Distribution and Economic Consequences of Good and Poor Health
Worldwide healthcare has had high cost increment compared to the remaining economy. This is due to lack of insurance cover and rising cost of drugs (Goetze, 2007). Therefore, locating the market power and increasing and resource mobilization are key signs of health economy.
Increasing demand for physicians leads to high number of services given (Goetze, 2007) and the objective is to reduce the cost of time in hospitals. Doctors are challenged with rising premiums due to malpractice insurance and this distributed to consumers in the form of deflated prices.
It`s worth noting that many workers get insurance. However, insurance contributes to issues of non-competitive services and products. It should give low consumer costs but has resulted into little provision of care due to the physician not getting additional revenue, thereby making referrals. This overprovision leads to demand and increased premiums affecting the uninsured, growing firms and poor families hence hospital burden on finance.
Moreover, new technology has increased the cost in healthcare therefore insurance has to gather for the demand of services required by the consumers consequently leading to high premiums. Additionally, the prices of drugs accounts to a high percentage of government healthcares since pharmaceutical companies spend high percentage of their revenues in researches, development ads and promotions therefore it`s profitable but cost-effective. What`s more, aging population and big labor force makes the family members to use their assets to qualify for the Medicaid.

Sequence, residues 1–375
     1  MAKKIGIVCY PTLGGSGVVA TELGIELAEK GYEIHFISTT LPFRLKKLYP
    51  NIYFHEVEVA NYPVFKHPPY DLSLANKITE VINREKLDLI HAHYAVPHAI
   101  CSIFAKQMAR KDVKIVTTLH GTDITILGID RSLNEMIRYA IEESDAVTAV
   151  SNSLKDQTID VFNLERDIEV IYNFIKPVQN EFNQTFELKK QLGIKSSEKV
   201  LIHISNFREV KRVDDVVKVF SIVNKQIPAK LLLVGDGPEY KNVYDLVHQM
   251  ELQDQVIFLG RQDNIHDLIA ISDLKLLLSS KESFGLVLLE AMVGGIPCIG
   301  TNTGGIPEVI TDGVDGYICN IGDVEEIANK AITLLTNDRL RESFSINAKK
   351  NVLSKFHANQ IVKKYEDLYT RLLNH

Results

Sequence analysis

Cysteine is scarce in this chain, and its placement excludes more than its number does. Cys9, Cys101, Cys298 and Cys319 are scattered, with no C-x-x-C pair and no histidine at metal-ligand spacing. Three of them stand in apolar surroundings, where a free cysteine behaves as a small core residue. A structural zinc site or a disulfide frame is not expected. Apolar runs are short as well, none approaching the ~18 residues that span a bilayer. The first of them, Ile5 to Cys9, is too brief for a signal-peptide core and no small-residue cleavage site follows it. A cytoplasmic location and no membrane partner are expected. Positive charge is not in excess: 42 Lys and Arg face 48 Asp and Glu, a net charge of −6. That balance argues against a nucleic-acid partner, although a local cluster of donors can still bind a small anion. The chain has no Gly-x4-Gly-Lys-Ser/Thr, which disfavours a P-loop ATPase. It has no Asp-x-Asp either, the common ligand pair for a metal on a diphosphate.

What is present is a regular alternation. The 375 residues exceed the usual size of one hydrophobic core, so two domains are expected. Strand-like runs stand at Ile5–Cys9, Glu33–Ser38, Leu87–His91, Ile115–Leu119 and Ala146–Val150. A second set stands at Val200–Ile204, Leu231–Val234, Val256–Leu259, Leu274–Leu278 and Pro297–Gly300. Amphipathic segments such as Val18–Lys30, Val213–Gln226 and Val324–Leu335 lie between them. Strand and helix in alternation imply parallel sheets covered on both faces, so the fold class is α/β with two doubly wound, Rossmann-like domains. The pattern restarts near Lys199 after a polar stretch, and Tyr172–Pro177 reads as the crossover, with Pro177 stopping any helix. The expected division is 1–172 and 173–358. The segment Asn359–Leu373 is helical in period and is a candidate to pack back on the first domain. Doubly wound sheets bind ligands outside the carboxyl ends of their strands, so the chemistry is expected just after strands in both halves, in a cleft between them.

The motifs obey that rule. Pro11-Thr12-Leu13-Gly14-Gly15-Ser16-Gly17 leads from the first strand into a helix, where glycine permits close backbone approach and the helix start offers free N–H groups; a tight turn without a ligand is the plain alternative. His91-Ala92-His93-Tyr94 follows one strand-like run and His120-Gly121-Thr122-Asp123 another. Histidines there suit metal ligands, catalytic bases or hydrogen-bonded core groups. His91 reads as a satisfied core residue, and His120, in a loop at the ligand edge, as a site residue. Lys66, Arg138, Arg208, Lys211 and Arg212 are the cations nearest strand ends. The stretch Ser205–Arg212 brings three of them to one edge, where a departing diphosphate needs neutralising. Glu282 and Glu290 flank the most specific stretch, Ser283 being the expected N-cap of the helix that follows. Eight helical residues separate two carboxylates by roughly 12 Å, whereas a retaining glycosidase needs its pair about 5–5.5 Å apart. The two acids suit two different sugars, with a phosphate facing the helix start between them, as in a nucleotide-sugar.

In summary, society should will to use its increasing GDP to cater for healthcare. Revenue battle to control market power in health care will still exist between doctors, hospitals and insurance companies.
Getzen, T. (2007). Health Economics: Fundamentals and Flow of Funds (2[nd] Edition). New Jersey: Somerset Press.